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500 years: Creating a Filipino identity

BREAKTHROUGH - Elfren S. Cruz (The Philippine Star) - March 21, 2021 - 12:00am

A week ago I wrote a column, “The beginning of Catholicism in the Philippines.” I received several responses to that article. There was one that, for me, stood out: and that is why I am reprinting that response here.

At first I thought it was just a historical correction of some contents of my column. After reading the lengthy letter, I realized that the writer was presenting a different perspective on the same historical period.

In an article, Cambridge Professor Richard Evans wrote: “History only ever involves a selection of what is knowable about the past because it has a second essential quality apart from the search for truth: it aims not just at reconstructing and representing the past but also at understanding and interpreting it. This is what makes history different from chronicle, which tells the tale of the years, marking off events as they happened, but does not try to make any connection between them or attempt to explain why they occurred.”

Here is the letter sent to me:

“The Lord give you peace.

“I am Fr. Antonio Maria Rosales, OFM (Franciscan), 82 years old, 60 years as Franciscan and 53 years as a priest. I have written opinion pieces and such pieces for the Inquirer, Sunstar Cebu…and I don’t remember where else.

“I am writing, kind sir, about your column… You mentioned that evangelization started in 1565, with the arrival of Legazpi and five Augustinians headed by Fray Andres de Urdaneta. Urdaneta supposedly returned to Spain with another friar, so that only three remained with Legazpi. As you mentioned, by 1570, the three have baptized 100 natives.

“It was only in the Synod of Manila in 1581, convened by the newly arrived first bishop Domingo de Salazar OP, that the program for evangelization was decided for all the missionaries that they were to learn and use only native languages in evangelization. This was based on the decision of the Franciscan group (at that time they were called the Discalced Minoras or Alcantrines) who arrived in 1587 (not 1577 as the article has put it). This explains why the evangelization was rather slow in the first years because the missionaries had to learn the native languages first: Bisaya for the Augustinians in Cebu and the Visayas; Tagalog for the Franciscans who were assigned to work in the Tagalog speaking provinces, and Bicol as the whole Bicol peninsula was also assigned to them. And the same time with the Jesuits who came in 1581 and the Dominicans in 1587, and so on.

“The missionaries wrote the first dictionaries and grammars of our different languages, as well as catechisms, devotional books and so on. The Franciscan Fray Juan de Plascencia wrote the  first description of the culture of the natives in 1589, which became the basis of the first Penal Code of the Philippines in 15593. Also in 1593, Plascencia’s Doctrina Cristiana in Spanish and Tagalog and native alphabets was the first book published in the country by the Dominicans.

“The celebration this year of the coming of Christianity is really a meaningful event in history of our country. This is an occasion for us to look back and appreciate the heroic efforts of the early missionaries whose work of evangelization brought the many provinces and regions together to form our country. It is rather sad that many today promote the revision of history and present the Spanish colonial period as mostly negative and the present ills of the country are blamed on that period when we have been freed from Spain in 1898, and we have been under the Americans, the Japanese who continue to blame Spain – and Christianity – for the wrongs that are happening in our land today.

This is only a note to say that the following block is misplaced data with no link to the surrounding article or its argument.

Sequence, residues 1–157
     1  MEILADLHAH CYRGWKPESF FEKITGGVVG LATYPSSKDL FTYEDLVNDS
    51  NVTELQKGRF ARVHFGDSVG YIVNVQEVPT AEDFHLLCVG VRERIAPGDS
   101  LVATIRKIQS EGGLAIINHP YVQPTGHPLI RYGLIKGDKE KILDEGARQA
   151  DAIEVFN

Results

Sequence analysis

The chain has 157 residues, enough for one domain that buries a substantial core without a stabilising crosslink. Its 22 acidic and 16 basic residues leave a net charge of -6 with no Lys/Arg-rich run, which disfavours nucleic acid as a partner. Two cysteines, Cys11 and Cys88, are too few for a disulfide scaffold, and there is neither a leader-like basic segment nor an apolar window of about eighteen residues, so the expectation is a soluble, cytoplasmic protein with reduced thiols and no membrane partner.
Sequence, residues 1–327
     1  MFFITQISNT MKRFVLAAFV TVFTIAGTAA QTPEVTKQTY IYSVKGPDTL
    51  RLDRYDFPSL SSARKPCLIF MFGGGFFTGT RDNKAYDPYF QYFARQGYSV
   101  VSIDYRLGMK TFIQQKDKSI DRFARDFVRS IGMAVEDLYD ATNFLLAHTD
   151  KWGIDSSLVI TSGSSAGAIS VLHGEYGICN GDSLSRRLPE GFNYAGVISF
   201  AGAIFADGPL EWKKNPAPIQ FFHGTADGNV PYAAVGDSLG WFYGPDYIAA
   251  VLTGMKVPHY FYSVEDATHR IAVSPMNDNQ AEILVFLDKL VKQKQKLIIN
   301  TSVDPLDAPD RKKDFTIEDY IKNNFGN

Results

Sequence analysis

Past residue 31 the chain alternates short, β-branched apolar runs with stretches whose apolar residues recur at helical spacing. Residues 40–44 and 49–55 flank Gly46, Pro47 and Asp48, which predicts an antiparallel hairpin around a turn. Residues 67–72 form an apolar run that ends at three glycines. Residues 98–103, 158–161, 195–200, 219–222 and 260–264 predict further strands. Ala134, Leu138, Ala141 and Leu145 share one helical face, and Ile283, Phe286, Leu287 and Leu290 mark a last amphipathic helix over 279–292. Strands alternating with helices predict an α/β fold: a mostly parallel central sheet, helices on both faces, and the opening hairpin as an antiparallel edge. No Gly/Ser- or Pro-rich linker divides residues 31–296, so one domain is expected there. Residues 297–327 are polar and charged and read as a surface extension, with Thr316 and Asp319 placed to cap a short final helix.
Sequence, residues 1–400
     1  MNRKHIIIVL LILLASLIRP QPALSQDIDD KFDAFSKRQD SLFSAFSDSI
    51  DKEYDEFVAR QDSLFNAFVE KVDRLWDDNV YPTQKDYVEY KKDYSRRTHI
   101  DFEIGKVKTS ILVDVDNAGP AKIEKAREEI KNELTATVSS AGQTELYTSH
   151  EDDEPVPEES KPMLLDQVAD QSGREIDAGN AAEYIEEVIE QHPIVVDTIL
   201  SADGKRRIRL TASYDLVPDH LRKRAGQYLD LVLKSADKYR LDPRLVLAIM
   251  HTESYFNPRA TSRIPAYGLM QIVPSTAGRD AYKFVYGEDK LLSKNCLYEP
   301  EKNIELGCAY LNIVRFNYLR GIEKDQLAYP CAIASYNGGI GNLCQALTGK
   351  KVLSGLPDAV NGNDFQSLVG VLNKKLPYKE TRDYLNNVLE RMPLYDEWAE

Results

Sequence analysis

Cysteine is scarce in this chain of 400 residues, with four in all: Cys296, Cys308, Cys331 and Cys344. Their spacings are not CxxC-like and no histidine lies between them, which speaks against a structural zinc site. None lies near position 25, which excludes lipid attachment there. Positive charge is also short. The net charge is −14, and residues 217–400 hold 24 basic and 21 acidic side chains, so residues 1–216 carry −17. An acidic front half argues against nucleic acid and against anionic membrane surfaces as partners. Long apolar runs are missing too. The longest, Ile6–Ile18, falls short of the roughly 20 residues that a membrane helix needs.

“I hope that our celebration of the 5th Centenary will correct the misconceptions about the work of the Church in the early decades of our history for the healing of our people and help us come together as a united family for the solutions to overcome the present problem brought by the pandemic. May the Lord give us peace.

Fr. Antonio Maria Rosales OFM

“P.S. If you are free I am inviting you to the virtual Recollection on Holy Thursday, April 1, that I have been invited to give to the Diocese of Malolos, Bulacan, 2 to 4 p.m., on Pope Francis’ encyclical “Fratelli Tutti” and the Liturgy of the Sacred Triduum.”

This letter has increased my curiosity about other aspects of the Christianization in the Philippines. Perhaps other historians have the answer and would be willing to share it with me.

Why is Spanish the main language in other former Spanish colonies, but the native languages survived and prospered in the Philippines? If one looks at South America and a large part of North America, there were civilizations that flourished there that were more developed than what existed in the Philippines – Inca, Aztec, Maya – yet the languages disappeared with the coming of the Spanish colonizers. Here, our native languages were preserved and even encouraged, to some extent, by the Spanish colonizers.

The Christianization of the Philippines is not just about the study of religious conversion, but the study of the formation of a uniquely Filipino culture that has survived and flourished through several years of conquests by foreign powers. At the same time it has retained major parts of pre-Hispanic and pre-Christianization culture.

Together, these are the parts that comprise the Filipino identity.

*      *      *

Young Writers’ Hangout via Zoom on March 27, 2-3 p.m. with Divine Gil Reyes.

Contact writethingsph@gmail.com. 0945.2273216

Email: elfrencruz@gmail.com

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